GAMBO IBRAHIM GUJUNGU, IVLP ALUMNI (2013)
NATIONAL PRESIDENT, AREWA YOUTH FORUM
THE ONE-DAY CONFERENCE ON
“PERSPECTIVES ON COUNTER-RADICAL NARRATIVES IN NIGERIA”
HOSTED BY THE US MISSION COUNSELOR FOR PUBLIC AFFAIRS
ON THURSDAY AUGUST 6, 2015 AT ABUJA
It is no longer news that there are strong radical narratives rolling out in Nigeria. Boko Haram (BH) in the North East, Militants who go by various names in the South South, kidnappers and violent ritualists both in the South East and South West. Nigeria obviously has a full plate on the table. These radical narratives have taken over a great portion of coverage in local media and a good portion of attention in international media. They cannot seem to get enough of media attention. Of course, media attention increases their attention.
Of all these expressions of radicalism in Nigeria, none has caused much damage, displaced people from their homes and livelihoods, taken more lives, challenged both the government of the Federal Republic of Nigeria and its citizens; in fact, challenged our very existence as a nation the way Boko Haram has done. Indeed, it is my simple understanding that over the years, Boko Haram has come up-stage well trained, well resourced, well coordinated and very much focused on its objectives than any other radical effort in our history as a nation. The only similarity the Boko Haram effort shared with the others is that it was also happening in just one region of the country. Beyond that, BokoHaram dominated the stage. It is a grave understatement to say that BH caused a lot of concern.
My further comments on this issue of countering Radical Narratives in Nigeria are formed within a context of an effort that I lead. The Conflict Mitigation and Peace Building Project (CMPB) is being implemented by Arewa Youth Forum in twelve selected communities (some of them hotbeds of violent radicalism) across four states in Northern NigeriaKaduna, Bauchi Nasarawa and Taraba. It is our little contribution to other efforts to counter radicalism. We are grateful to the United States government and the strong commitment of the US Embassy in Nigeria for supporting the project.
The CMPB set up a platform we call the Community Dialogue Forum (CDF) in each of the twelve selected communities in the four states. AYF trained five members each of these communities to run the CDFs in the community. No external facilitator played any role. Supervision of the CDF was from a distance so as to allow for local participation and initiative in resolving any issues that came forward. The results, or rather, the issues that were discovered by these communities and the solutions given by the locals themselves would read like a training manual for community development, sustainability and policing for any key agency. The issues identified were simple yet profound.
The communities were weak, manipulated and occupied by general unhappiness. Youth were largely without direction, poor livelihoods, limited or no participation in the governance process at the lowest levels further disillusioned the people. Life was hard and rather than present options politicians manipulated the people.
The Community Dialogue Forum gave the people the opportunity to consider their issues, give solutions and decide on lines of action. We have few case studies of actions taken by community members to address issues that would have gone out of hand, ended in violence and even contact with security agencies:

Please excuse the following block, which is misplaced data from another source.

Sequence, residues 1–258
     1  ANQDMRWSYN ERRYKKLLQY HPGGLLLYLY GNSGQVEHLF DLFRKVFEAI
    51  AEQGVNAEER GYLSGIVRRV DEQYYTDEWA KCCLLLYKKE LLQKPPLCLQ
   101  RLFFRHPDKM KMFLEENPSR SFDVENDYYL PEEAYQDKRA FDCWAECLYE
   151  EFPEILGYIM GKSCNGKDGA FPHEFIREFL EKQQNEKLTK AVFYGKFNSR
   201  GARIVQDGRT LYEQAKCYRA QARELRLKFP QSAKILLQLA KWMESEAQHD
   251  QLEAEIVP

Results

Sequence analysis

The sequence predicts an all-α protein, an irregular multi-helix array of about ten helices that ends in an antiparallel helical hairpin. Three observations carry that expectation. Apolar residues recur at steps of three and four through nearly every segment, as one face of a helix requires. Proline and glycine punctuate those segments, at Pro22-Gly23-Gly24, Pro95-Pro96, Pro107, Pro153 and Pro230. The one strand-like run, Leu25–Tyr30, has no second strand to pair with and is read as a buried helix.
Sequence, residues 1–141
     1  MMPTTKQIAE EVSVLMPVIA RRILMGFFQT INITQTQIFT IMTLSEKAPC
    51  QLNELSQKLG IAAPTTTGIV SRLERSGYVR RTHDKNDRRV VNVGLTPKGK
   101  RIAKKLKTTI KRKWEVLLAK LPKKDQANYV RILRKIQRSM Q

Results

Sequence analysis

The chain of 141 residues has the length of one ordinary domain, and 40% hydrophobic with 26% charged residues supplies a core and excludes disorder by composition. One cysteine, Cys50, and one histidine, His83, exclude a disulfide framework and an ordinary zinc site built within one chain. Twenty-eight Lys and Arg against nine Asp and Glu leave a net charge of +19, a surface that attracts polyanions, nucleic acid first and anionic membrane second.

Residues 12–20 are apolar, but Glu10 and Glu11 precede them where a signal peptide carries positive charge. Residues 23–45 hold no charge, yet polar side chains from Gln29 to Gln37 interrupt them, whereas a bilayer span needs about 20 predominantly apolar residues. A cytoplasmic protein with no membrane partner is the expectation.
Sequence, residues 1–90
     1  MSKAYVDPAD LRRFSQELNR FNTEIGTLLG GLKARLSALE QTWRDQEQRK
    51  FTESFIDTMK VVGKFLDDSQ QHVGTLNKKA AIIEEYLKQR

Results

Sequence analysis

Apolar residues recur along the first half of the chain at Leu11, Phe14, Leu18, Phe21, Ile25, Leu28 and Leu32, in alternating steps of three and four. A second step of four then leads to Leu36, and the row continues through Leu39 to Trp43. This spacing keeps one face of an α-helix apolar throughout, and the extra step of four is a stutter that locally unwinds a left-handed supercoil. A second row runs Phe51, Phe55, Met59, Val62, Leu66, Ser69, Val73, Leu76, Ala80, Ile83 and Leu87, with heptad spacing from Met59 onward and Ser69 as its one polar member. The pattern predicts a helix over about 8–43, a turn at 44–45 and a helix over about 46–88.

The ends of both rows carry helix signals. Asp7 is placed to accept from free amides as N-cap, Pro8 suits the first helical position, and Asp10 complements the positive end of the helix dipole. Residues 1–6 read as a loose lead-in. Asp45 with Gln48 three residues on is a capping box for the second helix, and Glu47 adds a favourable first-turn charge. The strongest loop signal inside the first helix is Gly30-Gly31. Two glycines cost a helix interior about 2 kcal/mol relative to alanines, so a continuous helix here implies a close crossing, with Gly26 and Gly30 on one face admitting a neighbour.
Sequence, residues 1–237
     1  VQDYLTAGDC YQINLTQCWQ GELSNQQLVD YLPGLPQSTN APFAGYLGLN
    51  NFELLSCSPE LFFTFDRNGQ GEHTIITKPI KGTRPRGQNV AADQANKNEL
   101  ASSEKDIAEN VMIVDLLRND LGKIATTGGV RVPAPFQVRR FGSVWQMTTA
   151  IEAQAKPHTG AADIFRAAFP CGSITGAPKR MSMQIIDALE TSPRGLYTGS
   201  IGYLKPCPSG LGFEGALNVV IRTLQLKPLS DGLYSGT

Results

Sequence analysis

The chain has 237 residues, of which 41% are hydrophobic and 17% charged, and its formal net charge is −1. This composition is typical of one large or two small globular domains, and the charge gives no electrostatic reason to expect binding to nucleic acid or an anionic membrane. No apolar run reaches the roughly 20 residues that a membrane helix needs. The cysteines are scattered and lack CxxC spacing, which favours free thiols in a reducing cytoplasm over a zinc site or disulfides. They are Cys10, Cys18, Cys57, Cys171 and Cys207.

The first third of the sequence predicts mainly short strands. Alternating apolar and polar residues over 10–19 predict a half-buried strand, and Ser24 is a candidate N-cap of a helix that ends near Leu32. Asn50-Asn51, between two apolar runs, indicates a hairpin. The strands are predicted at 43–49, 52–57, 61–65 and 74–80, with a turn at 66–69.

-In Mutum Biyu Centre of Taraba State, participants at the CDF were able to sensitise and dialogue with some well-known notorious groups at Angwan Tike, Kan cross (roundabout), Jenjo B and Jantaro on the urgent need for a change of attitude aimed at peaceful co-existence. This effort was embraced by these groups and we are happy to report that the community is in peace at the moment.
-Also in Jema’a Centre, Kafanchan Kaduna State, the CDF was used to serve as an attitude correction centre. A drug dealer was made to be a participant, his involvement in the CDF has helped greatly to finding solutions on how to tackle sell of drugs in the Community.
Largely, the CDF has given these communities opportunity for dialogue and common action. For example, in Zango-Centre of Bauchi State, the Community recorded its first post-election peace as a result of the intervention and impact of the CDF. Arewa Youth Forum however,does not claim that the CDF has completely stabilised the communities because it has not. This model has only been put into play for only about a year but it has given us hope that with dialogue and bringing various groups under one roof, peaceful co-existence can be established. Communities therefore, need attention as much as individuals but it requires the right approach and the proper balance.
Our observation is that radical narratives like that of BH take root in weak communities where unhappiness is widespread. The CDF has proven to us that the seeds of unhappiness and misdirection can be confronted and curtailed at community level by the same people that face the risk of being converted to radicalism and who are equally the beneficiaries of strong and stable communities. I must make the point here that underfunded and low capacity communities will continue to remain places for violent radical movements until a time we are able to strengthen them. Weak communities are simply not able to withstand the superior attack of radicalism but strong and self-sufficient communities are a ready protection against such movements. Nigeria and the international community must rise to the occasion and to never forget that posterity is a hard judge.
It is our prayer that the CDF model be recognised for its merit and usefulness alone and replicated in more communities and states in the Federation. This is our simple recommendation for countering radical narratives in Nigeria.
Gambo Ibrahim Gujungu
Arewa Youth Forum